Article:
New York University Presents: Show and Prove 2012

The Tensions, Contradictions, and Possibilities of Hip Hop Studies

March 30th - April 1, 2012

Themes:  Intersectionality & Methodology

Co-Sponsored by the Performance Studies Department at Tisch School of the Arts, the Center for Multicultural Education and Programs, LGBTQ Student Center, and the Hip-Hop Education Center

We are in a moment ripe with possibilities to think in concrete terms about what Hip Hop Studies is and what it means to do this work.  As a result of the 2010 Show & Prove Conference that brought scholars and practitioners to NYU, we continue to consider what is at stake as the academy’s increasing adoption of Hip Hop into its curriculum leads to a mutual adaptation.  Such stakes affect every aspect of our work, including the methods we use, the people we recognize and attempt to represent, and the audiences we engage—global and local, on-the-ground and in the academy.  Additionally, a challenge for Hip Hop scholars is to take seriously Hip Hop’s own creative, theoretical, and political imperatives while bringing critical perspectives to the very cultures we seek to understand.  Show and Prove 2012 (S&P 2012) provides an opportunity for a community of scholars to come together and address the challenges and possibilities of the field.

S&P 2012 will sharpen our focus on two key themes:  intersectionality and methodology.  On their own, they represent pressing categories of analysis within Hip Hop Studies, and shed light on often overlooked aspects of its cultures.  Taken together, they also inform each other in important ways.  For example, intersectionality can reveal the limitations of certain methods.  Conversely, while our methodological training masks its own intersections of power, non-traditional methods that are often necessary for research on Hip Hop can add to our understanding of intersectionality.  S&P 2012 is an opportunity to delve further into these areas and others in a collective effort to shape Hip Hop Studies.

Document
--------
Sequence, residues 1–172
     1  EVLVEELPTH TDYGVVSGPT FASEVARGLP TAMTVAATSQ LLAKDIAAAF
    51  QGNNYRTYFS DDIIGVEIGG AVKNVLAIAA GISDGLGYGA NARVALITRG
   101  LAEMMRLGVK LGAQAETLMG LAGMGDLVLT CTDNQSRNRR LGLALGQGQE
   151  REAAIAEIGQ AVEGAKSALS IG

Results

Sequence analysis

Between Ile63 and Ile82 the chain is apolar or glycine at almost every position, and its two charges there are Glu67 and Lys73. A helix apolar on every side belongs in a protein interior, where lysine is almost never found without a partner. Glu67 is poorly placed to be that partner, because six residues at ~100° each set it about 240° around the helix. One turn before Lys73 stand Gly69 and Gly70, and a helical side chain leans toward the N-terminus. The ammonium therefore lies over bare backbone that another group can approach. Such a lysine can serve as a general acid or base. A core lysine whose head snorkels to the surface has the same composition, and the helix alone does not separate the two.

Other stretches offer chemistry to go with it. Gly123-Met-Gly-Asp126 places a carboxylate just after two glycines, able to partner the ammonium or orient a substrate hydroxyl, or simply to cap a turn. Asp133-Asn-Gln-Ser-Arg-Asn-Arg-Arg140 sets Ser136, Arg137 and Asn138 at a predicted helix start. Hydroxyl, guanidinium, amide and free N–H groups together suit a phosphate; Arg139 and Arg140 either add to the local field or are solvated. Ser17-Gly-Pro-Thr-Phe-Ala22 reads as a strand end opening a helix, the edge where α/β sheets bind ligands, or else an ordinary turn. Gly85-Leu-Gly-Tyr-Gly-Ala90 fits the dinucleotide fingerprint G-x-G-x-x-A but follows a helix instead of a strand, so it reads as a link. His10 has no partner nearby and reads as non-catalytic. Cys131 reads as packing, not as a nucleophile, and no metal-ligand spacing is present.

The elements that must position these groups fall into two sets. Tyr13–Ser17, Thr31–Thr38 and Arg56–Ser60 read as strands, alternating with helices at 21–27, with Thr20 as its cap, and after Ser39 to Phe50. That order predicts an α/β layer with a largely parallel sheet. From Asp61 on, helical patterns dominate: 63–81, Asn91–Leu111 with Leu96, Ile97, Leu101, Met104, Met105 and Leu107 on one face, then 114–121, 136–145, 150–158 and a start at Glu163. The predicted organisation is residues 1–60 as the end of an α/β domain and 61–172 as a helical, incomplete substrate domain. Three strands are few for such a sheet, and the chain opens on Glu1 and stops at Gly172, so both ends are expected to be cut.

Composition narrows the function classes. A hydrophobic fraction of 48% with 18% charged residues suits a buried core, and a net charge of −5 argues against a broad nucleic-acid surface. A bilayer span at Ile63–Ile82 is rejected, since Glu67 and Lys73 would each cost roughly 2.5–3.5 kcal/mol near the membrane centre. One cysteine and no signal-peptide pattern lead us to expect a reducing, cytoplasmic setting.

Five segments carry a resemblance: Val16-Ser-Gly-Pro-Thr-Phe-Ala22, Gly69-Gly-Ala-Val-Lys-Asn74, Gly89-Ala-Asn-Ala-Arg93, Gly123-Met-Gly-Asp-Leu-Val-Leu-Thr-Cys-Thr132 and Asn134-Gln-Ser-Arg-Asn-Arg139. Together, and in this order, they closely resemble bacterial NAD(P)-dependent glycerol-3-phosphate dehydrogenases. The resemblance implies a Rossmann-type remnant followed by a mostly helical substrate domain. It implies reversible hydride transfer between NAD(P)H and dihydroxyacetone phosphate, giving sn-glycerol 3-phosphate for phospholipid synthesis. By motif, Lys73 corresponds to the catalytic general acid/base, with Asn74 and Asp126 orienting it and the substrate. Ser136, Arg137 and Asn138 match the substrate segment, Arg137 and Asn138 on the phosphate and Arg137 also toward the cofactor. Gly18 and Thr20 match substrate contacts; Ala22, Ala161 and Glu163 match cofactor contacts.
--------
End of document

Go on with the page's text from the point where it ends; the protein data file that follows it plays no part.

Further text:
Key questions include:

  • How can we utilize Hip Hop Studies to interrogate the changing cultural landscape?
  • How can Hip Hop Studies shape our understanding of intersectionality?
  • What kinds of gendered and sexual spaces does Hip Hop produce?
  • In what ways are subcultures within Hip Hop (i.e. Queer Hip-Hop, Christian Hip Hop, etc. (mis)recognized both inside and outside the academy?
  • How do Hip Hop feminism and Queer Hip Hop movements activate critical discourses?
  • What are the ethics of engaging Hip Hop communities across disciplines?
  • How can we be accountable to Hip Hop cultural imperatives?
  • What are best practices for implementing Hip Hop Studies?
  •  What are the possibilities for Hip Hop studies in the academy?

**Selected papers will be invited to participate in a writing workshop held during the conference.**

Please submit a 200 word abstract and relevant contact information by midnight EST, October 15, 2011.  Panel proposals will be considered.  We are also accepting short films (5-30 min.).  To submit a film, e-mail a 200-word synopsis and write “FILM SUBMISSION: Title of the Film” in the subject line.  If accepted, evidence of self-production or copyright must be supplied.  All submissions should be sent to cmep@nyu.edu.  Contact Dr. Imani Kai Johnson at ikj200@nyu.edu or Dr. Marcella Runell Hall at marcella@nyu.edu / 212-998-4350 with any questions.

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